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One visit to Japan, and you’ll realize just what you’ve been missing out on when it comes to sushi. The fish is fresher, the preparation is of higher quality, and the cost is less. Even sushi from the cheapest conveyor belt restaurants is better than most sushi you’ll find elsewhere in the world, even if you go to some high-end places that might charge hundreds of dollars. However, as much sushi as I’d eaten on my trips to Japan, I’d never done a proper omakase sushi experience before. Omakase is when you leave your ordering decisions up to the chef. It’s a showcase for the chef & the restaurant to show off their skills & quality of ingredients. But just how good can a sushi meal be in Japan when you spend a bit more? For my first omakase in Japan, I chose to go to Manten Sushi Marunouchi in Tokyo.
Getting a reservation at Manten Sushi
As with anywhere in the world, omakase sushi can be as expensive as you want it to be. There are restaurants run by legendary sushi chefs that charge the equivalent of hundreds of dollars. Many times, these small sushi restaurants require reservations that can only be made in Japanese & by calling.
I decided to go to Manten Sushi Marunouchi for two reasons. The first was that Manten Sushi has a reputation for having perhaps the best value for omakase in Tokyo. There are some cheaper omakase spots where you leave hungry, but for just 6000 yen (around $55 USD), Manten Sushi provides a full meal that fills your belly. I had no problem splurging for a nice meal, but I didn’t want to have to find something else to eat afterward.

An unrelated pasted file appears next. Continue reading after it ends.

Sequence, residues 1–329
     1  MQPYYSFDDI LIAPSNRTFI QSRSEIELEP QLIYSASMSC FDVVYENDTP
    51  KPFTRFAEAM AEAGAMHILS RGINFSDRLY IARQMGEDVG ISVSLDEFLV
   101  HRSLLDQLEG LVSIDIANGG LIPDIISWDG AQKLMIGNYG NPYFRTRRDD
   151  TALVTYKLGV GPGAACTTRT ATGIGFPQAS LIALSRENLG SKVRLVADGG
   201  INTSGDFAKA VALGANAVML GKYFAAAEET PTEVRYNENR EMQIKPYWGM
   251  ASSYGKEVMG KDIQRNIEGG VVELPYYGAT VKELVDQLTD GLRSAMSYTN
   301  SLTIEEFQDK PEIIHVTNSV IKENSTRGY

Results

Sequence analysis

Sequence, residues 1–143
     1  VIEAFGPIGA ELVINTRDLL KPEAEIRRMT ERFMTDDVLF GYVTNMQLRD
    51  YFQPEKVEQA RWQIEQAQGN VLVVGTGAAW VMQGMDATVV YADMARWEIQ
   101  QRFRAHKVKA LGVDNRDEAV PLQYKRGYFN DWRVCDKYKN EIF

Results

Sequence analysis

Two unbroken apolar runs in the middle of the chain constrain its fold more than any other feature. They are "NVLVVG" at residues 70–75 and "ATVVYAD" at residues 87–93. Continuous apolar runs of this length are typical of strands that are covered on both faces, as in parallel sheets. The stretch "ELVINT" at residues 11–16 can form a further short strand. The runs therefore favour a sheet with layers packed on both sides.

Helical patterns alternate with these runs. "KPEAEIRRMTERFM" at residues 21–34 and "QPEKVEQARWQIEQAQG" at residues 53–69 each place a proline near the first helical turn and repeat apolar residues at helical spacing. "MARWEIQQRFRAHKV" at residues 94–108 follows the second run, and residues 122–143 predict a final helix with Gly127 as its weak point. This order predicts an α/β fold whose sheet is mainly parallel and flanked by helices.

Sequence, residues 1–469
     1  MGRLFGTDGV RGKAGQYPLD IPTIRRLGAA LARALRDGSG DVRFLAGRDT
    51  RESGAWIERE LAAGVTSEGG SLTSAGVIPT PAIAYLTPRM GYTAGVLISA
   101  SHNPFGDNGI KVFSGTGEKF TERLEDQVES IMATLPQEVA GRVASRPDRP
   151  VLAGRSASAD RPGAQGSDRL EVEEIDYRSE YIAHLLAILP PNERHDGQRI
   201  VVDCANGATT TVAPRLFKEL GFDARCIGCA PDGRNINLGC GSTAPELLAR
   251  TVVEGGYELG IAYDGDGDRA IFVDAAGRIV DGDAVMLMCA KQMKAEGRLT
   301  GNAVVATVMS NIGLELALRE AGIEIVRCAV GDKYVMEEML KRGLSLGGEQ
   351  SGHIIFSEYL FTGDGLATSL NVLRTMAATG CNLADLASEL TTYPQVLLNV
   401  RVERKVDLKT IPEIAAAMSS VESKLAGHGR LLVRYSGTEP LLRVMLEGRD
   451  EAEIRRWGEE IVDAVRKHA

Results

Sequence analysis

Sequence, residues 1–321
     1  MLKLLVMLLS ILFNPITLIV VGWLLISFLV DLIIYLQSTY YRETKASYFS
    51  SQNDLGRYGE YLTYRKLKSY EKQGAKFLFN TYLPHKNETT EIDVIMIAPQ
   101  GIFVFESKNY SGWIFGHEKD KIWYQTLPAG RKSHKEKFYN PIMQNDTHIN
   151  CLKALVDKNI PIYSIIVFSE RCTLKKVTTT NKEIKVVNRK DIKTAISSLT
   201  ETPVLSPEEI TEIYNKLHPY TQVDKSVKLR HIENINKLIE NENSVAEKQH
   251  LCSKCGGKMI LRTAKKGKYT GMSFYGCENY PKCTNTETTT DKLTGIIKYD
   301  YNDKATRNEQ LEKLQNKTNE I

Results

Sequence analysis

Second, reservations for either Manten Sushi location can be made online. This allowed me to use Google Translate to be able to figure out what exactly I was doing, while easily finding availability when I wanted it. There were still reservations available a few days beforehand, so it’s not necessarily a place you need to book months in advance.
There are two Manten Sushi locations, Marunouchi & Coredo. Both are within walking distance of Tokyo Station. The Marunouchi location is in a basement of a shopping & office complex. The outside courtyard reminded me of London.
My Manten Sushi Marunouchi omakase experience in Tokyo